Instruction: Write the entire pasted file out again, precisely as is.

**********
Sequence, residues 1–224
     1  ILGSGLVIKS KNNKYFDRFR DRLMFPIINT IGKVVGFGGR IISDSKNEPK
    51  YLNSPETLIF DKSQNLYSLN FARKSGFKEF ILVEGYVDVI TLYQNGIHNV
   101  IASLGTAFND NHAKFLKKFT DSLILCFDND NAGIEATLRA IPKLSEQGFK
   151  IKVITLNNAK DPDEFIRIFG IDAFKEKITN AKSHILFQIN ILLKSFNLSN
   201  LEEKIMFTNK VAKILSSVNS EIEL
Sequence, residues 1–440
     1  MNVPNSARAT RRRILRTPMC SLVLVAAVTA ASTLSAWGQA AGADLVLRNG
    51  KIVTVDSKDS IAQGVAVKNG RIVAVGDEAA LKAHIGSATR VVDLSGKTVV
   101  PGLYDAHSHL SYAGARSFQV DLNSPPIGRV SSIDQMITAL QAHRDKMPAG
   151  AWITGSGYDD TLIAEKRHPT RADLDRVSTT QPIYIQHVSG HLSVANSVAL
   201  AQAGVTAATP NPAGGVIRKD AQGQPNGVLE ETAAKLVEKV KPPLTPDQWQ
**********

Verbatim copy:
Sequence, residues 1–224
     1  ILGSGLVIKS KNNKYFDRFR DRLMFPIINT IGKVVGFGGR IISDSKNEPK
    51  YLNSPETLIF DKSQNLYSLN FARKSGFKEF ILVEGYVDVI TLYQNGIHNV
   101  IASLGTAFND NHAKFLKKFT DSLILCFDND NAGIEATLRA IPKLSEQGFK
   151  IKVITLNNAK DPDEFIRIFG IDAFKEKITN AKSHILFQIN ILLKSFNLSN
   201  LEEKIMFTNK VAKILSSVNS EIEL
Sequence, residues 1–440
     1  MNVPNSARAT RRRILRTPMC SLVLVAAVTA ASTLSAWGQA AGADLVLRNG
    51  KIVTVDSKDS IAQGVAVKNG RIVAVGDEAA LKAHIGSATR VVDLSGKTVV
   101  PGLYDAHSHL SYAGARSFQV DLNSPPIGRV SSIDQMITAL QAHRDKMPAG
   151  AWITGSGYDD TLIAEKRHPT RADLDRVSTT QPIYIQHVSG HLSVANSVAL
   201  AQAGVTAATP NPAGGVIRKD AQGQPNGVLE ETAAKLVEKV KPPLTPDQWQ